There are a number of laws on the books to try and regulate the practice of FMS. “The 1976 Arms Export Control Act, the 1997 Leahy Law, and the 2008 Foreign Assistance Act all require in various ways that the U.S. government give consideration to risks,” explains the Cato Institute. “Risks,” meaning “how dangerous are the countries we sell the stuff to.” The State Department inspector general also has an alleged say in how this business is run, and who these weapons are sold to. That say has severe limits, however.

In 2020, the Trump administration was bound and determined to sell billions in arms to Saudi Arabia. Inspector General Steve Linick attempted to investigate the sale, based on Saudi Arabia’s documented record of atrocities in the Yemen war. He was fired by the administration for attempting that investigation. In December of 2020, despite enormous pushback from many in Congress, the State Department approved the sale of $290 million in weapons to Saudi Arabia. It was finalized an hour before Biden took the oath of office on January 20.

President Biden came into office on a wave of tough talk about Saudi Arabia, specifically regarding their responsibility for the murder of Washington Post journalist Jamal Khashoggi. He accused the Saudi hit squad who murdered Khashoggi of acting “on the order of the crown prince” during a Democratic primary debate in November. “They have to be held accountable,” he said. During that same debate, Biden vowed not to sell more weapons to the Saudis if he became president. “We are going to make them pay the price and make them, in fact, the pariah that they are,” he said.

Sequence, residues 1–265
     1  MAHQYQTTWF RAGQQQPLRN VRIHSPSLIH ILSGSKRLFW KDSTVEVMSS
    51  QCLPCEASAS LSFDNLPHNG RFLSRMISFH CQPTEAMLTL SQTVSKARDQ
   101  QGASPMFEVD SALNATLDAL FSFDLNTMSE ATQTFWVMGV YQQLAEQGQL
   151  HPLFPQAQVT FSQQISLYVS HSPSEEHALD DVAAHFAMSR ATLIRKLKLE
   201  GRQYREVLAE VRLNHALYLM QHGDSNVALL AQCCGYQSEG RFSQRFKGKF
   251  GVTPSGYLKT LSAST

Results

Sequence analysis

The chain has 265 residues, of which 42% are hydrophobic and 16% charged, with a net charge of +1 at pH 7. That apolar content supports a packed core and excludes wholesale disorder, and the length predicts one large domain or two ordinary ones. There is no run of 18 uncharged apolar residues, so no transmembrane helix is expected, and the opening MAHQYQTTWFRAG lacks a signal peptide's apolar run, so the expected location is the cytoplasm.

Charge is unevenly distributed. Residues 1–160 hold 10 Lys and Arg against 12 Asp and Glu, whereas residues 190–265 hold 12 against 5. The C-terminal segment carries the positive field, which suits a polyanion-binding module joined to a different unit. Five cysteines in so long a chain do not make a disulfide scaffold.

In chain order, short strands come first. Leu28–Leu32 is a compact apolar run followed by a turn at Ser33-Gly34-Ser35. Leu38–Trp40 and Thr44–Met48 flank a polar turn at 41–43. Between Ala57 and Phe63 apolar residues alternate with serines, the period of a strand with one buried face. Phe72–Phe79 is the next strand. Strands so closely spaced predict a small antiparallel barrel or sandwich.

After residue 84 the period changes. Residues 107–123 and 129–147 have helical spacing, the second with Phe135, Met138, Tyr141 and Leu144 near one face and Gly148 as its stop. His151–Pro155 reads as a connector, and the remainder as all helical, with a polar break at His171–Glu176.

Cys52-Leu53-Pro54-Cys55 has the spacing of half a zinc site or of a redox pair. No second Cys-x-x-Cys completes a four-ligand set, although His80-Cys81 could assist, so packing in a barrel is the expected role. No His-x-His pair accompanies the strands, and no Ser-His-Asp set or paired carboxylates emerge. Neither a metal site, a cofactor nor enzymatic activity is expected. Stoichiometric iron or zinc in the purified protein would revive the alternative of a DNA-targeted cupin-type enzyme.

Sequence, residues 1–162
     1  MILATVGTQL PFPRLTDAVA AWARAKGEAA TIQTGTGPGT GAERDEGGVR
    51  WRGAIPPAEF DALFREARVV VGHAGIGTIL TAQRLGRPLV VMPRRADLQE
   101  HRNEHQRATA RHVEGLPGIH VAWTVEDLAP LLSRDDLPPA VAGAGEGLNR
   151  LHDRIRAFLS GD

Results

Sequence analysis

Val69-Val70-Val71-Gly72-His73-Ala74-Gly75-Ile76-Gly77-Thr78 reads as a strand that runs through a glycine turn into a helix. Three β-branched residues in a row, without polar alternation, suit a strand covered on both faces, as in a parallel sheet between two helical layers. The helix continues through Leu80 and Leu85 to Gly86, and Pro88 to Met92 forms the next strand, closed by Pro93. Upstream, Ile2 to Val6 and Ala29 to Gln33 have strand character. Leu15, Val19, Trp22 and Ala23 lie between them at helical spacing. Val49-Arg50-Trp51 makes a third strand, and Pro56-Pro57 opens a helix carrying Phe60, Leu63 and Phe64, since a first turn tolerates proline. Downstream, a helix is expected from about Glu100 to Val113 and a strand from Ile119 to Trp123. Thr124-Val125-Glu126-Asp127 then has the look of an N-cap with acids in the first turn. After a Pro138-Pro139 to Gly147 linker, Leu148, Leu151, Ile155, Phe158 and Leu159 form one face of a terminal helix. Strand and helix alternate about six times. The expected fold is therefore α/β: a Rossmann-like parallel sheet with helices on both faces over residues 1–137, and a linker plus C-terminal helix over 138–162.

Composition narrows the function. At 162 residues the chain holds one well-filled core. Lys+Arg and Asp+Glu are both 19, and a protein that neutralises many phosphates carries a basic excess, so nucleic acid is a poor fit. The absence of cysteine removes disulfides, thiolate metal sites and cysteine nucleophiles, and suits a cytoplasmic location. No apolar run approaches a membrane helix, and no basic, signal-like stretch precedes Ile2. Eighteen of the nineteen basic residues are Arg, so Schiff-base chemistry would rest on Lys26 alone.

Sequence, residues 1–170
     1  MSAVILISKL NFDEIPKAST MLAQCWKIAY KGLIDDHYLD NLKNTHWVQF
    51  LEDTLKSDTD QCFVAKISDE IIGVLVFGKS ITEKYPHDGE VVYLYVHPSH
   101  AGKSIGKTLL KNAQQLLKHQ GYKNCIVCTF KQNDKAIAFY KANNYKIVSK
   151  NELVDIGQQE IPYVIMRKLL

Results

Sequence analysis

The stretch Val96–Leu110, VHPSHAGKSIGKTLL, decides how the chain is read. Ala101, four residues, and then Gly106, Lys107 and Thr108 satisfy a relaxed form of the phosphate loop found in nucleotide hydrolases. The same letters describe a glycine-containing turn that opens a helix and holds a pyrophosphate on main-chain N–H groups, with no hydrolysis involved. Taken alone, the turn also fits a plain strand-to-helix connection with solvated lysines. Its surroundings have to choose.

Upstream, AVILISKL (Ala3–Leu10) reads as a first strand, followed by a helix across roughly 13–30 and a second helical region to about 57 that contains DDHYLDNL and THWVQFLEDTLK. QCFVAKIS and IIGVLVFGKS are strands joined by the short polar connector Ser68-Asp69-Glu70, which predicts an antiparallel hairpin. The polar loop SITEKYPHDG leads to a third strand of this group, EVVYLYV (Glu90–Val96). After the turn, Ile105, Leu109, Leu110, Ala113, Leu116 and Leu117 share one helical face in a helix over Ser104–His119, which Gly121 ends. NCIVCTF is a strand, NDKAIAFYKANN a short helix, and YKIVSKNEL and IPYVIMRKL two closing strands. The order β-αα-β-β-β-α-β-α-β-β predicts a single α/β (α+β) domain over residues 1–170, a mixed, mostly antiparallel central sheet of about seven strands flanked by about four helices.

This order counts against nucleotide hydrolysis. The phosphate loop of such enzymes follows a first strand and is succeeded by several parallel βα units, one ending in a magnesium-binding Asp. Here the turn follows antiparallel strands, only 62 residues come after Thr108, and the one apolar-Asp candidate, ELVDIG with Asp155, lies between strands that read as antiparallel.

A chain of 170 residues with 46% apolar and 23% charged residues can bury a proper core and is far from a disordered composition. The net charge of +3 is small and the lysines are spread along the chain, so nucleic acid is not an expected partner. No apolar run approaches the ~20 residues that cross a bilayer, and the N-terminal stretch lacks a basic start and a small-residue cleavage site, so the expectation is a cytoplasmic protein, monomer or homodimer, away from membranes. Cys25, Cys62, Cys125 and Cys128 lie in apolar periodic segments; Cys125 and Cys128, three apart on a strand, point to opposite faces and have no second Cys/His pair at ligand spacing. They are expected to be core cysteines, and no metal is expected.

Not only did President Biden fail to punish Saudi Arabia over the Khashoggi murder when given a clear opportunity to do so, he is now preparing to break the other promise he made during that debate. Worse, he is doing so by way of an avalanche of weasel words and nodding winks.

“The Biden administration plans to suspend the sale of many offensive weapons to Saudi Arabia approved under the Trump administration,” reports The New York Times, “but it will allow the sale of other matériel that can be construed to have a defensive purpose, U.S. officials said on Wednesday. The plan, which was briefed to Congress last week, is part of an administration review of billions of dollars in arms sales to Saudi Arabia and the United Arab Emirates (UAE) that the White House announced soon after President Biden’s inauguration.” (Emphasis added.)

The United Arab Emirates also has bloody hands regarding the Yemen conflict. From this deal, the UAE and Saudi Arabia can expect to receive “defensive” weapons like the F-35 Joint Strike Fighter (if they can keep it in the air) and armed Reaper drones. These items are many things, but to call them “defensive weapons” is an insult to the language, and a further insult to the thousands who have suffered in the Yemen war being waged by Saudi Arabia and the UAE.

The U.S. sells war globally to the tune of hundreds of billions a year. A portion of those weapons become involved in scenarios that “demand” a U.S. military response. Billions, if not trillions, are spent in those responses (read: wars), with the money going to war-maker corporations like Raytheon, Lockheed Martin, Northrop Grumman and Boeing, and to their pet politicians by way of campaign donations. Some politicians and the people may shout and scream, but as it was said in Dune, Frank Herbert’s classic novel, “The spice must flow.”

You tell me. Who’s really in charge around here?